- First Solar has a bright future as the energy industry increasingly adds renewable energy installations.
- Explore the Strengths, Weaknesses, Opportunities, and Threats.
- Younger generations are showing interest in solar, which will help drive growth for First Solar over the long-term.
First Solar (FSLR) produces photovoltaic [PV] solar energy solutions on a global basis. The company operates under two segments: Components and Systems. The Component segment handles designing, manufacturing, and sales of cadmium telluride solar modules that convert sunlight into electricity.
The Systems segment provides solar power system solutions including: project development, engineering, construction, and operating/maintenance services to power producers, utilities, and commercial/industrial companies.
First Solar faced challenges over the past decade. However, the company has better growth prospects going forward. About 64% of Millennials polled by Deloitte stated that they are interested in installing solar panels. The Millennials are currently the largest living generation in the U.S. Therefore, this generation is likely to drive strong growth for First Solar as the industry gains growth momentum over the next five years.
Source: First Solar December 2018 Investor Presentation
- First Solar is the largest producer of thin film semiconductor cells for use in solar systems in the world. As of September 30, 2018, First Solar’s total installed annual production capacity across all of their facilities was 5.2 gigawatts [GW]. That is the equivalent in power to 16.25 million PV panels or 2241 utility-scale wind turbines or 6.76 million horses. It could also power 4 of Marty McFly’s and Doc Brown’s DeLoreans to travel ‘Back to the Future’ (their time machine needed 1.2 GW of electricity).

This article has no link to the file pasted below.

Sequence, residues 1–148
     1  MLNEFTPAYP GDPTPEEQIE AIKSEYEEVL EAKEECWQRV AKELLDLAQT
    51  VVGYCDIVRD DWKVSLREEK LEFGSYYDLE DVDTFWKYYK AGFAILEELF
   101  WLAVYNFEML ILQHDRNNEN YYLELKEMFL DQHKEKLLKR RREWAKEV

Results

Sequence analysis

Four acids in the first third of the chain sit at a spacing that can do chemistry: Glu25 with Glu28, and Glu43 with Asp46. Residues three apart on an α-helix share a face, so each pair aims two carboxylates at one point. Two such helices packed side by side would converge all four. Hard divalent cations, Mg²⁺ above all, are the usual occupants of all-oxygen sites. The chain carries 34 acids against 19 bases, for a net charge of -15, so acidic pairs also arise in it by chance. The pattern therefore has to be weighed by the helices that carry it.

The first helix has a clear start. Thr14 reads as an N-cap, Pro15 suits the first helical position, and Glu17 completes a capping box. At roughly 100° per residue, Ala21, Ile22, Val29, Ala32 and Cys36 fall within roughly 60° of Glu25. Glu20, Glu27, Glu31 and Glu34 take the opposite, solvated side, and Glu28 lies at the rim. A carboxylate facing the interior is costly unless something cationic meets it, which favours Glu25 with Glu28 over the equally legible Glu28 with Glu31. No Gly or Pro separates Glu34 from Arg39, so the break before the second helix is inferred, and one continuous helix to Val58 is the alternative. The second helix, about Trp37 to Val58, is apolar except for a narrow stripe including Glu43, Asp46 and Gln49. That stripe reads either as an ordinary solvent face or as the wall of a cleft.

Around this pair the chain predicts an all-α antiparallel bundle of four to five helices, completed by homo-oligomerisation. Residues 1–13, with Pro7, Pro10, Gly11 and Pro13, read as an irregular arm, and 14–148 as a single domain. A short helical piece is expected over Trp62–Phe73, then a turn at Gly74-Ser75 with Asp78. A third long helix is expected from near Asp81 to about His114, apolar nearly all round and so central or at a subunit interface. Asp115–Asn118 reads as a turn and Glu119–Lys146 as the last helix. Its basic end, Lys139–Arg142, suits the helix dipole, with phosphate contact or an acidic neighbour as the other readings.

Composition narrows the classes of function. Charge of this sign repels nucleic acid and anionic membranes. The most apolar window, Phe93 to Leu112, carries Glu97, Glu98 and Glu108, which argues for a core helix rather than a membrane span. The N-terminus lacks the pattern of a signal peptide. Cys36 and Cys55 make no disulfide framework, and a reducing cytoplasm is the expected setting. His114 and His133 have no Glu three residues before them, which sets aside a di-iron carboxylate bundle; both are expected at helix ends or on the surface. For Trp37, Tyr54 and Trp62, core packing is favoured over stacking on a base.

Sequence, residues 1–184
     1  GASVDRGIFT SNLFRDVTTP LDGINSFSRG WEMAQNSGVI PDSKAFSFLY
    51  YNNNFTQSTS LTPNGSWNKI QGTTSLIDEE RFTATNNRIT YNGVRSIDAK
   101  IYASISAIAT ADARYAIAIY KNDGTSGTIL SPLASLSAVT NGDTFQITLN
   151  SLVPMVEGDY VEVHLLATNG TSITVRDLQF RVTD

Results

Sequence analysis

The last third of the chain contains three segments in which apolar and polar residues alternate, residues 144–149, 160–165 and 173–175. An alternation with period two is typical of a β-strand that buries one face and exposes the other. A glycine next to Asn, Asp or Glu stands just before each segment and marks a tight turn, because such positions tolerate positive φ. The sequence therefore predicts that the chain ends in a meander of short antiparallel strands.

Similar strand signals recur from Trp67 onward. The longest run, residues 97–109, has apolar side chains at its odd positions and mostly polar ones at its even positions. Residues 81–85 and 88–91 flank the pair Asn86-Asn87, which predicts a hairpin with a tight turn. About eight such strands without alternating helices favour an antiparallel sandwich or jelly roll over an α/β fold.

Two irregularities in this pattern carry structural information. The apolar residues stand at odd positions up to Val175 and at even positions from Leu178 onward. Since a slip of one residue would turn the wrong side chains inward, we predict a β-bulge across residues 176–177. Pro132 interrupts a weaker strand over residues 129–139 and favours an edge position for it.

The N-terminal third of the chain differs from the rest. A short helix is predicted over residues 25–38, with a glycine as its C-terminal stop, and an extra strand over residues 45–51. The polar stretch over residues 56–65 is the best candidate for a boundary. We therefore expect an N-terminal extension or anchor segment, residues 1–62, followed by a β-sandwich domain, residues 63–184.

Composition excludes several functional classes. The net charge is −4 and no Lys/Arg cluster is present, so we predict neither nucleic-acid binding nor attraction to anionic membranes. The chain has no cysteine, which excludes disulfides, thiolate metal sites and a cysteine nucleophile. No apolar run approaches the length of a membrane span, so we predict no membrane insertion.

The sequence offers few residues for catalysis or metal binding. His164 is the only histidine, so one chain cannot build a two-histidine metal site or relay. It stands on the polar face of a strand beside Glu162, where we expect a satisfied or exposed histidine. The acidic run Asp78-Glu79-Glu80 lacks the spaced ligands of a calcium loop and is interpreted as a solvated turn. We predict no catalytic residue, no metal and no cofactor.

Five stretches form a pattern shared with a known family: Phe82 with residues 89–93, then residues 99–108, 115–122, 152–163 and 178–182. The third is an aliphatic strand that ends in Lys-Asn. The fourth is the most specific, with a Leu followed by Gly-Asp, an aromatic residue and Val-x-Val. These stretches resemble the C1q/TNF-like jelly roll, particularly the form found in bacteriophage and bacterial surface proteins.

- Experienced company for achieving success in new markets. This will help First Solar continue their expansion on a global basis. The company plans on expanding production capacity by 46% to 7.6 GW by 2020.
- Solid track record of innovating by developing new products. One example of this is First Solar’s Series 6 PV modules, which have up to an 8% higher energy yield and a lower levelized cost of electricity [LCOE] as compared to competing technologies.
- Strong distribution network that effectively reaches their customers
- Highly skilled workforce as a result of investments in training and development.
- Strong supply chain, which includes reliable raw material suppliers. First Solar is also vertically integrated across the solar value chain.
- Strong balance sheet: 5.8x more total cash than total debt; current ratio of 4.5. This gives the company flexibility to expand.
Source: First Solar December 2018 Investor Presentation
- First Solar has been running with negative operating cash flow for the past 2 quarters. The company also has high CapEx, leading to negative free cash flow.
- The company has low profitability ratios: ROE of 2.8%, ROA of 3.06%, and ROIC of 1.67%.
- Low EBITDA margin of 9.36% and operating margin of 1.79%.
- Note: These metrics have been improving and can continue to improve if First Solar gains operational efficiencies and gets better returns for their R&D spending.
- First Solar can capitalize on the growing interest in solar installations by the Millennial generation. The company can market to this generation for their residential business.